During the discussion, you quickly understand that there is no playbook to cope with the disruption and challenges that the industry faced at the beginning of 2020 and what was needed to keep medicine supplied to patients. 

Key operators and key analysts were ring fences to protect them from the pandemic because their role in manufacturing or product releasing was absolutely critical. This is an example of Quality Risk Management. Identifying the threat, analysing the risk and applying mitigation action, reviewing the situation and the impact of the new organisation on the established communication channel is crucial in any battlefield when transparency will allow you to make decisions.

Discussion between the MHRA/FDA/EMA regulator could be summarised as: When you dissociate the quality mindset from regulatory compliance, you will be able to communicate quality issues to the regulator, which will then create a trust relationship benefiting the patient. This will assure that risks are not downplayed within the organisation, demonstrating a maturity in adopting a quality mindset and embracing the intent of QRM. 

Carmelo Rosa (FDA) highlighted that it takes a lot of effort to have a global quality system. And it is obvious for the regulator that companies are still competing internally for their portfolio, ultimately affecting product quality. The catalyst to overcome those issues are linked to quality mindset and knowledge management.

ispe global pharmaceutical regulatory summit no deviation

To answer the question, “How can we share our mistakes openly in the industry?”, an example was given: The loss of data related to quality that was stored in the cloud.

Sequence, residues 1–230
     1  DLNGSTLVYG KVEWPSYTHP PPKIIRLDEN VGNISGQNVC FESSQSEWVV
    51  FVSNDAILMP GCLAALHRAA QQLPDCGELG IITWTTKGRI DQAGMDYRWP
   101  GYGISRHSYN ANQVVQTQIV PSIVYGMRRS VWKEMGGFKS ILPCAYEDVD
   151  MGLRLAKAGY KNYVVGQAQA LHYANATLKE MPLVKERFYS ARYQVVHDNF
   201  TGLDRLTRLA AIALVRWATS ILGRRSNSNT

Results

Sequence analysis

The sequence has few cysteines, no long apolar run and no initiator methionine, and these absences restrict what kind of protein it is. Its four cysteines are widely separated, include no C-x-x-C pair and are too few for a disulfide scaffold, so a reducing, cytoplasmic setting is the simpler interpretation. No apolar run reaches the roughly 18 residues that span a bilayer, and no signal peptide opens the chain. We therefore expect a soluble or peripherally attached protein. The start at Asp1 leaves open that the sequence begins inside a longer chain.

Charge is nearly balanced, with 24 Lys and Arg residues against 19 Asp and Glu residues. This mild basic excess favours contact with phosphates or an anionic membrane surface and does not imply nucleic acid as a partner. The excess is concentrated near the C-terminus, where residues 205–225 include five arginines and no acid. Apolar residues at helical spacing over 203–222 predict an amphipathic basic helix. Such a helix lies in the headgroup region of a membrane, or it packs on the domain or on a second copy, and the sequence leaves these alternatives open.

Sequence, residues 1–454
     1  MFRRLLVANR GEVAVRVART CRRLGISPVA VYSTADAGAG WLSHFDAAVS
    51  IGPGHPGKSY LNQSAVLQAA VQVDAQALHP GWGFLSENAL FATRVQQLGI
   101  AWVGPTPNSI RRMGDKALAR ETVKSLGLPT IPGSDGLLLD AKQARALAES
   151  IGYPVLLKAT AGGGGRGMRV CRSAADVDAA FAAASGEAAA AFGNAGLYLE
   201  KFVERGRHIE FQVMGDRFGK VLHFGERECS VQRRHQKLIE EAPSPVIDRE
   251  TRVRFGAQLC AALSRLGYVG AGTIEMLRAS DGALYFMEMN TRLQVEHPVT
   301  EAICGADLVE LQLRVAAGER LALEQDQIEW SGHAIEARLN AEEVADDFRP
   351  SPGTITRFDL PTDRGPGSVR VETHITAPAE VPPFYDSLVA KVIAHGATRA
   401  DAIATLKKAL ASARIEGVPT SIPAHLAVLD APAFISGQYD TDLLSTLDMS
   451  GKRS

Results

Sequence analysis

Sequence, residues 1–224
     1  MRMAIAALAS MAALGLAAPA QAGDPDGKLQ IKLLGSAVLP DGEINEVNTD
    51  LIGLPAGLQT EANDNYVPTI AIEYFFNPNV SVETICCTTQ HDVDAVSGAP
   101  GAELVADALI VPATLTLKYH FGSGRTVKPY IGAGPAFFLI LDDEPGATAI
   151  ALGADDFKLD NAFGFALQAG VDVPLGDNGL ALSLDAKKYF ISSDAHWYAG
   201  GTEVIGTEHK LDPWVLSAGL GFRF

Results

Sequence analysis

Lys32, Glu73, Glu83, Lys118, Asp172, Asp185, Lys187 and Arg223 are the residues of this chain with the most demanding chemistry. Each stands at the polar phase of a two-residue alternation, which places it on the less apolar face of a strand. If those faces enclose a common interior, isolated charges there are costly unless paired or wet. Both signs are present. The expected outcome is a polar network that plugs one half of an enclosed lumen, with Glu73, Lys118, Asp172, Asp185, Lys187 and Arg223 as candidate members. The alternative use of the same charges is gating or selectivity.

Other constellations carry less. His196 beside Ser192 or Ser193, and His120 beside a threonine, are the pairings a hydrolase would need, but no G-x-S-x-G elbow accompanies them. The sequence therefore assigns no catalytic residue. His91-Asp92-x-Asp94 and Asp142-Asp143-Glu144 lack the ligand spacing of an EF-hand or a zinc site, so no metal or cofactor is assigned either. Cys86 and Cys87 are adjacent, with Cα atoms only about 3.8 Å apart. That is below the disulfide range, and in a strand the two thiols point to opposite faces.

The company quickly assessed the situation and called the regulator to discuss the potential quality risk and the obvious non-compliance. Demonstrating that quality and compliance go hand-in-hand but a compliance risk is not necessarily a quality risk, likewise being compliant is not sufficient to make a quality product.

The discussion highlighted that digitalisation is inevitable (Benjamin Noyen, TGA) and is a way to eliminate human error. When you think of it from a risk management perspective, it is obvious that engineering controls are the most robust choice for eliminating or mitigating the risk. However, digitalisation introduces new risks linked to data integrity.

Going back to our previous blog on the factors leading to some data integrity (which itself would lead to a product quality risk), the following illustration could be applied in a larger scope.

data integrity no deviation

The debate then challenged the regulators on their view of machine learning to help triaging where resources should be allocated and David Churchward (MHRA) explained that the regulators are open-minded about it, while recognising it is not only about the algorithm but also the data set chosen to run it. Making sure there is no bias in that data set is critical, e.g. taking a picture of the north face of the building to establish how much the building is exposed to the sun. If you want to understand this comment, read our blog about digitalisation.

At No deviation, we partner with you to help you build the quality in your product. Reach out to us to know how we can help you achieve, retain, and regain cGMP compliance.

You can also visit our website for more information on our services.